Back to coffee and tea…When you were given white sugar to mix into your powdered coffee it was in cubes and wasn’t as sweet as the sugar I was accustomed to in Canada. Sometimes the cubes were light brown in colour. And you were given a sort of coffee whitener you had to put in your coffee, not milk or cream, as dairy products were not common over there. The whitener could be a thick liquid if it was a fancier set-up or usually it was a powder in little packets. On the subject of their sugar, I saw some Effem chocolate bars in convenience stores, like Mars and Snickers but when I bit into them, the chocolate was not very sweet! I looked at the packages and they came from Australia. I think the food not being as sweet as North American foods is wonderful, as what Canadians have is made from ‘high fructose syrup’ and is unnatural, ‘fake’ sugar. Like I have written before, everything was different there, even the coffee, sugar and cream that we took for granted any day in Canada and the USA.
A number of Korean ways and names copied the west over there, but they had ‘opposite’ policies. For example, there was Maxim for Maxwell House and highway signs said, “dial 119” for an emergency instead of 911 that we had in North America. Funny how somebody in government years ago who organised progressive policies must have deliberately chosen opposite-to-the-West terms and businessmen must have chosen product names that were similar to western products back then.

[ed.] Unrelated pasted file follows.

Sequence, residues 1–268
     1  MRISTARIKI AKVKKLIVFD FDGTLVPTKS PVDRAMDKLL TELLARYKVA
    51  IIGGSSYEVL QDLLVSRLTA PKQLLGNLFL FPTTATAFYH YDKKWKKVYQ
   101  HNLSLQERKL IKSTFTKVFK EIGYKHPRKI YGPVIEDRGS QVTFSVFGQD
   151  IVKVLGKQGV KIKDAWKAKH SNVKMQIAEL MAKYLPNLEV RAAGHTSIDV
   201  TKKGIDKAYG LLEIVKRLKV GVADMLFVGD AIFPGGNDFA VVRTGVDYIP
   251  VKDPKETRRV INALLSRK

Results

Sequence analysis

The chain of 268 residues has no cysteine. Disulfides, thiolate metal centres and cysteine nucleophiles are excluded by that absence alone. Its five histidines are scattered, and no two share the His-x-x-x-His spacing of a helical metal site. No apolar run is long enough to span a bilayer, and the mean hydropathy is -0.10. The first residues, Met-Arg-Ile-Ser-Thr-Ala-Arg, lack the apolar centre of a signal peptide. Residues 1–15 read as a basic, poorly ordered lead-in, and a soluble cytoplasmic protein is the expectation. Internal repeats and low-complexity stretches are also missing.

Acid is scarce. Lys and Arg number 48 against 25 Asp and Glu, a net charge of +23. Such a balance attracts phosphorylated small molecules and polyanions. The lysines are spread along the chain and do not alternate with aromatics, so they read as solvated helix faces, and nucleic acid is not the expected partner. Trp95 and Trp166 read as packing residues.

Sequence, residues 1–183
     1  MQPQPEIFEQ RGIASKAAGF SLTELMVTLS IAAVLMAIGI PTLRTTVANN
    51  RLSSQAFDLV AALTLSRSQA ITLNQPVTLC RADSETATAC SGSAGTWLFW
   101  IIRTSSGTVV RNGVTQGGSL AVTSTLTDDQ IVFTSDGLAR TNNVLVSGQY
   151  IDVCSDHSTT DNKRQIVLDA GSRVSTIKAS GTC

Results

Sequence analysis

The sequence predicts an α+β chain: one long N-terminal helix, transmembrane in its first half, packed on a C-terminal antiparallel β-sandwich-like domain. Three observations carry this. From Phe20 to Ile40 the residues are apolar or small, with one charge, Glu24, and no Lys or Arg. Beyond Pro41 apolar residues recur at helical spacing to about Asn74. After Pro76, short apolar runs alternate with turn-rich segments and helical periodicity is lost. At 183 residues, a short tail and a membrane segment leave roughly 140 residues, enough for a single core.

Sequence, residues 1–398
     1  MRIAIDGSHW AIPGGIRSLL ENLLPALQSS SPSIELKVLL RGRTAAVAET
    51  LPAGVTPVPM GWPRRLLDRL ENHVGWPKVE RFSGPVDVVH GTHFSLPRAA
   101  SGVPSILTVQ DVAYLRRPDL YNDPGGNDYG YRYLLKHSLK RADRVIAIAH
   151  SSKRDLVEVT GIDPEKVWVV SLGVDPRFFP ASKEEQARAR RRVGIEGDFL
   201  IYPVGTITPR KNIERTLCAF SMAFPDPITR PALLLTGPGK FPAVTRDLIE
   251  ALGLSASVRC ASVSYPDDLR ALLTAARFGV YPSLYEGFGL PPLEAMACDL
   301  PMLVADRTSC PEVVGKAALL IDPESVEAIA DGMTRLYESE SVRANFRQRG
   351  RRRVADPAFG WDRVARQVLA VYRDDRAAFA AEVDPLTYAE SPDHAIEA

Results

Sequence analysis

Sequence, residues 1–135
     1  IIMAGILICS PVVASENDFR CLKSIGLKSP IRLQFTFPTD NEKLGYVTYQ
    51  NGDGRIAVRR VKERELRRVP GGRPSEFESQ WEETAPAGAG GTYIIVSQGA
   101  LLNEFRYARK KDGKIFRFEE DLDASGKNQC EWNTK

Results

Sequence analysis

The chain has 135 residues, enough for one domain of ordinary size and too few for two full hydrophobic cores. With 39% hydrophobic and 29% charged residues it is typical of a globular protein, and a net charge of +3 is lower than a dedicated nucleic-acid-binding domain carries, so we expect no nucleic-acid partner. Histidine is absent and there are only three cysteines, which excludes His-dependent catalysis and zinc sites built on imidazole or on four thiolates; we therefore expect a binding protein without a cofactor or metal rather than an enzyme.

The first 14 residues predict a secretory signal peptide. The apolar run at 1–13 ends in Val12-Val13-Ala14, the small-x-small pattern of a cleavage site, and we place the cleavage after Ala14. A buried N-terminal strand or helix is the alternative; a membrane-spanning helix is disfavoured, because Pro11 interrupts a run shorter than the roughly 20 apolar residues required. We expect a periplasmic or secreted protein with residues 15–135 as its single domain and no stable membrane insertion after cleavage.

I remember wanting coffee to drink when my husband and I were travelling in Busan and Gyeongju in late 1999 and there wasn’t much chance of finding any at all as we were not in Seoul. Coffee was lacking in Seoul but at least there were vending machines and cafes selling a bit. I have a few memories of looking at the streets in these cities outside of Seoul and thinking wistfully about a cup of coffee. I know a large number of trendy cafes have spread to many places around Korea by now and that franchises like Starbucks are plentiful. Many things have changed very quickly throughout the whole country, I’ve noticed. I wish for some of these things to have remained the same, to be honest…. Korea and especially Seoul had more character back in the 90’s.
In grocery stores I saw containers of loose green Korean tea leaves and they were expensive – these containers cost $15 to $40, usually. Their teas are special and they have rituals for drinking them and also, their teas have varied uses. Common teas, which were to be added to hot water, were barley, corn, “nut”, lemon, plum and there were many others as well. I remember the Korean secretaries at my institute calling a certain kind of hot drink “nut” tea. This “nut” tea was really Job’s tears tea, I discovered years later. In Canada Job’s tears is sold as a homeopathic supplement for depression in capsules, I know, but in Korea it’s a highly popular tea. If you bought a box of this “nut” tea the powder turned your hot water milky white or off-white and the taste was slightly nutty and creamy like milk at the same time. Many times you were supposed to feel good about drinking their teas because they had health benefits besides having a good taste. Job’s tears tea was called yulmucha. Tea is “cha”.